Going Hybrid with the Force Generic Print is an offset printer who made the transition to hybrid printing. Like many other printers, there was cer-

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tainly apprehension. “Society is evolving so much that we have to admit print runs have declined. So digital is a beneficial step to take and we can afford to be more creative. This is not to say digital printing will rule out offset. As a user, I appreciate the complementary benefits digital brings to offset,” he shares. Phua’s plant used to operate on A2 and A3 four-colour and single-colour offset presses for marketing collaterals and stationery. Today, two Fuji Xerox presses, sit in his production room churning out high-end, award-winning products. Phua reminisces, “I started this printing company out of the blue, but to stand out I needed to be different. In hindsight, it would be to our detriment if we had not taken the step to hybrid printing.” That bold move has also rewarded Phua with his first PIXI Award trophy from Fuji Xerox. He produced a limited edition book featuring the globally known blockbuster series ‘Star Wars’. “Hybrid printing is one model that allowed us to open up more markets to serve. There are certain features of print that my offset presses cannot execute, which explains the entry of my digital presses. This print model has brought forth a PIXI award trophy for us – through a project we have related to Star Wars. This is a big bonus for us, as we are dealing with a global brand,” Phua highlights. Phua has since set his sights on more award-winning print competitions.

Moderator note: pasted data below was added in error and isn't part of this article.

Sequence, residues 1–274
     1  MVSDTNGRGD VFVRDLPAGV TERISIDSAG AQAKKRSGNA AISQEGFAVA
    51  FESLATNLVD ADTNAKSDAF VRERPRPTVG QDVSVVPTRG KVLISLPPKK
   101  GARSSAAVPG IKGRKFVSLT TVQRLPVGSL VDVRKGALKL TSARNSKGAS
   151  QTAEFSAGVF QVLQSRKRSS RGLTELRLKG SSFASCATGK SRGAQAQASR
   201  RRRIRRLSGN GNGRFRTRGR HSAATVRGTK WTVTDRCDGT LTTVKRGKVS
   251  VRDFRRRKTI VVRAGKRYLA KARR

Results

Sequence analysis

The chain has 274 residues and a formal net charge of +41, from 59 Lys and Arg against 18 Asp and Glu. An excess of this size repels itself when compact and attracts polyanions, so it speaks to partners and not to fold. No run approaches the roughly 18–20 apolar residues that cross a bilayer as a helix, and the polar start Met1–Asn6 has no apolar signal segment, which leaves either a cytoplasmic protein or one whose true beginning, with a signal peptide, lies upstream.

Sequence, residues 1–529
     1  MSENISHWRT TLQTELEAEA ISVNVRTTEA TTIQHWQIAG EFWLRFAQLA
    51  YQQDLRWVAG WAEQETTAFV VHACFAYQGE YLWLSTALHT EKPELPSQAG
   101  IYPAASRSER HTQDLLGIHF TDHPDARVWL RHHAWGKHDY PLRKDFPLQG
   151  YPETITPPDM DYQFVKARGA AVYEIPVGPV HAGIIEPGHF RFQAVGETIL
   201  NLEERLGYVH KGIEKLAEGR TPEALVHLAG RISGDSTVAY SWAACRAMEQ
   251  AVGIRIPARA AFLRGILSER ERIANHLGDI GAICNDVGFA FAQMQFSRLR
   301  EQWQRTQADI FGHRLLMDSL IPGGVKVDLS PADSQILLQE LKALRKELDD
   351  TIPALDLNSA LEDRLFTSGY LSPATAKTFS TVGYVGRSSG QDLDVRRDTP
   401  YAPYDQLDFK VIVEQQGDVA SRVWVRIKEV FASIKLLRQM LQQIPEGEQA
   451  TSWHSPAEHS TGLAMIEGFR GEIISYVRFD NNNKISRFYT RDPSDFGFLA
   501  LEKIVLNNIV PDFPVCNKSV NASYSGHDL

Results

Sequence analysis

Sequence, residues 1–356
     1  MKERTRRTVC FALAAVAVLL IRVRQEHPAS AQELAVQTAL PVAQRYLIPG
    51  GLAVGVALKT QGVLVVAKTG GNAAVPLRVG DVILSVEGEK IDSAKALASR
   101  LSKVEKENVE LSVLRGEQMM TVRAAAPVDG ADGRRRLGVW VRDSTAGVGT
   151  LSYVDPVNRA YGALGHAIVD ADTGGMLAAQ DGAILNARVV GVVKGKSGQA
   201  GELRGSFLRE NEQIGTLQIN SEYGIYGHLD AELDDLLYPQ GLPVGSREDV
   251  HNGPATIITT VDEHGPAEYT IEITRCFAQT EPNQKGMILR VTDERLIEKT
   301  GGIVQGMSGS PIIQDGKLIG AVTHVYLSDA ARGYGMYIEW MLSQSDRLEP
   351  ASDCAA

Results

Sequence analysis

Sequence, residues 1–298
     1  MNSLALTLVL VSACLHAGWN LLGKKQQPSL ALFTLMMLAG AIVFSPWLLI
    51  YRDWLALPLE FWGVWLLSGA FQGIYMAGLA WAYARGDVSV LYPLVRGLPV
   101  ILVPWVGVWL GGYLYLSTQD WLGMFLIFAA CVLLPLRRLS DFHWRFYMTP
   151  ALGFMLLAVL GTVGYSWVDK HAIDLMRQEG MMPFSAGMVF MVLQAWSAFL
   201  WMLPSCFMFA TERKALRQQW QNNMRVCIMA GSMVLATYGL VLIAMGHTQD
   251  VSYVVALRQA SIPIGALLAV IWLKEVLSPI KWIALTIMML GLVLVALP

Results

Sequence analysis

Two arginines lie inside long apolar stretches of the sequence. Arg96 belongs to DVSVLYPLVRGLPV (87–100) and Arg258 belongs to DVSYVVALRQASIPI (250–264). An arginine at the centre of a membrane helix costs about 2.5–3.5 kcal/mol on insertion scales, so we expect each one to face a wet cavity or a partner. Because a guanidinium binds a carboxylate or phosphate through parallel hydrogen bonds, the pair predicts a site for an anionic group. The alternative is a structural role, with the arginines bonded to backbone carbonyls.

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Working Gun Made with 3D printer The world’s first gun made with 3D printer technology has been successfully fired in the US. The controversial group which created the firearm, Defense Distributed, plans to make the blueprints available online. The group has spent a year trying to create the firearm, which was successfully tested on Saturday at a firing range south of Austin, Texas. Anti-gun campaigners have criticised the project. Europe’s law enforcement agency said it was monitoring developments. Victoria Baines, from Europol’s cybercrime centre, said that at present criminals were more likely to pursue traditional routes to obtain firearms. She added, however: “But as time goes